How Businesses Can Manage “Stealth” COVID Omicron Variants
With every new COVID variant and subvariant, it gets harder for companies to develop a comprehensive plan to allow corporate events and/or let employees return to work. Some worry that the most recent subvariant of Omicron––BA.2––might bring another surge, especially as restrictions lift and the world tries to find a “new normal”, while there are still plenty of vulnerable people around.
Recently we’ve heard a lot about BA.2 and how it might affect the business world. BA.2 now represents a majority of COVID cases in many areas and at least half of documented cases in the U.S. It has been called “stealth omicron,” since its particular genetic markers may make it more difficult to track. Experts agree that BA.2 is highly transmissible, potentially more so than the original BA.1 subvariant.
Early evidence suggests that reinfections with BA.2 after BA.1 do occur but are rare. If you were infected with BA.1, then you’re probably well protected from BA.2. But the protection is not complete. Scientists anticipate that places where BA.1 has already peaked at high levels might avoid subsequent surges of BA.2.
The risk for Long Covid seems to be like that with other variants – there are more and more ailments being identified that fall under this poorly defined syndrome. ONE MORE REASON TO AVOID GETTING INFECTED AND STAY PROTECTED!
As far as treatments for Covid-19 goes, both BA.1 and BA.2 have shown an ability to evade most monoclonal antibody treatments authorized by the Food and Drug Administration. The antiviral drugs Paxlovid, molnupiravir, and remdesivir have been effective against severe diseases from both BA.1 and BA.2 when taken soon after diagnosis, and so has Evusheld, which is designed to protect people who have not been infected.
Is the BA.2 variant something that businesses should be especially careful of? And how should CEOs, HR and event professionals, and employees respond?
Some think that the “stealth” part of the stealth omicron variant means there will be more false negatives, which is when people test negative even though they have COVID. With false negatives, employees might think they’re safe coming back to work when they’re still contagious.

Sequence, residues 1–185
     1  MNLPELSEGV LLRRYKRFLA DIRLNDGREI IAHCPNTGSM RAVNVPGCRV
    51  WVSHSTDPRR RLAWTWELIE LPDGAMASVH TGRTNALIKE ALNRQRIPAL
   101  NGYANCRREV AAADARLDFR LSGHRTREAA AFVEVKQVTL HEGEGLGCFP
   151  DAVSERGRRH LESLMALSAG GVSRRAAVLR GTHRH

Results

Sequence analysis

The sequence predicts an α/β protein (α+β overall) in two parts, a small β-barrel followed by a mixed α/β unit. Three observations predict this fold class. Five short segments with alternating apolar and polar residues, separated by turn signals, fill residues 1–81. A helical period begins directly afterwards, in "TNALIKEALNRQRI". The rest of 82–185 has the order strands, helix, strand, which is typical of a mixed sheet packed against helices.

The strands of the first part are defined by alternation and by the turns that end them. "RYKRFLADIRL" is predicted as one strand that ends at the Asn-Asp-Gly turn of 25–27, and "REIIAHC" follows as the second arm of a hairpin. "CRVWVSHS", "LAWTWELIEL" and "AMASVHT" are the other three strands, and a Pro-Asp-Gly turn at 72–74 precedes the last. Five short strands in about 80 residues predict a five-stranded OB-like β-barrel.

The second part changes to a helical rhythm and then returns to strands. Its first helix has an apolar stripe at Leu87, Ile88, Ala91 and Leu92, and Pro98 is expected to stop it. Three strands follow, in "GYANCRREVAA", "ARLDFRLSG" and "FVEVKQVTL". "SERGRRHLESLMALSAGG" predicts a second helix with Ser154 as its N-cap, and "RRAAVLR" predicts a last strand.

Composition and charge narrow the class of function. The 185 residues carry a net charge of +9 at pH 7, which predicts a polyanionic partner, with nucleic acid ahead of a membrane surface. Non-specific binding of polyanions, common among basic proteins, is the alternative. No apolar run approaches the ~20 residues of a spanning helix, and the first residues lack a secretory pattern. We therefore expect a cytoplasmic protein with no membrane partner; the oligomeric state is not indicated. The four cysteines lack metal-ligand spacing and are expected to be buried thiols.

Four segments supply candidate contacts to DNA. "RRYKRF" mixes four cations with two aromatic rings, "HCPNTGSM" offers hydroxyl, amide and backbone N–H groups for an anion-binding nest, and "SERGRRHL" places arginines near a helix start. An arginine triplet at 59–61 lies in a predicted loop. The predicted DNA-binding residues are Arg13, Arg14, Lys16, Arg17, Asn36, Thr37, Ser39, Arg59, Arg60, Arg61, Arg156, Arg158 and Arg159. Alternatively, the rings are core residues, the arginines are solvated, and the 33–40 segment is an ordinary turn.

However, the word “stealth” is misleading and probably should not be used. False negatives are no more likely with BA.2 than any other subvariant. “Stealth” just means that BA.2 may be hard to recognize as that subvariant. PCR (polymerase chain reaction) testing continues to be highly accurate for BA.2, with 85% to 97% accuracy. The conventional lateral-flow rapid antigen tests (particularly home tests) are much less accurate than PCR: Typically, they are only 50% to at best 70% sensitive, regardless of whether they are used to test for BA.2 or any other variant.
So, your testing strategy shouldn’t change because of BA.2. If you’re using lateral flow (or home) antigen tests, you should test consistently and repeatedly (many have argued at least once every three days) for certainty. If you’re using higher quality (lab-based) antigen tests (e.g., the microfluidic test at AllClear Healthcare) one-time testing is significantly more reliable if you need to travel. For “return to workplace” testing, repetitive (high quality) antigen testing has been shown to significantly reduce the risk of outbreaks. If using lab-based PCR, be prepared to wait a few days for more accurate results, unless a rapid PCR is available (e.g., at AllClear Healthcare).
Another misconception is that vaccinations are not as effective against BA.2 as they are against other variants. Even vaccinated employees may wonder if they can safely attend a corporate event or go back to work. However, it has become clear that vaccinations are very effective against BA.2 and considerably reduce the risk of severe disease, death and hospitalization – as long as you have been fully vaccinated or received a booster within the last six months. That said, some individuals can still become moderately to severely sick due to reinfection with the BA.2 variant. Even just considering mild to moderate disease: with the high level of transmissibility, there remains considerable risk to sidelining a significant portion of your team if there is a spreader event. (I.e., if the flu has transmissibility of ~2 and measles and mumps ~10, BA.2 is somewhere around ~7 or ~8).
The last misconception is that higher transmission rates for BA.2 will also result in higher numbers of deaths and hospitalizations. So far, we have not seen a particular increase in either statistic compared to BA.1 or the delta variant. In many regions, deaths and hospitalizations continue to decrease. Omicron with its high transmissibility did reduce the death rate, but due to so many individuals being infected the total number of deaths was considerable.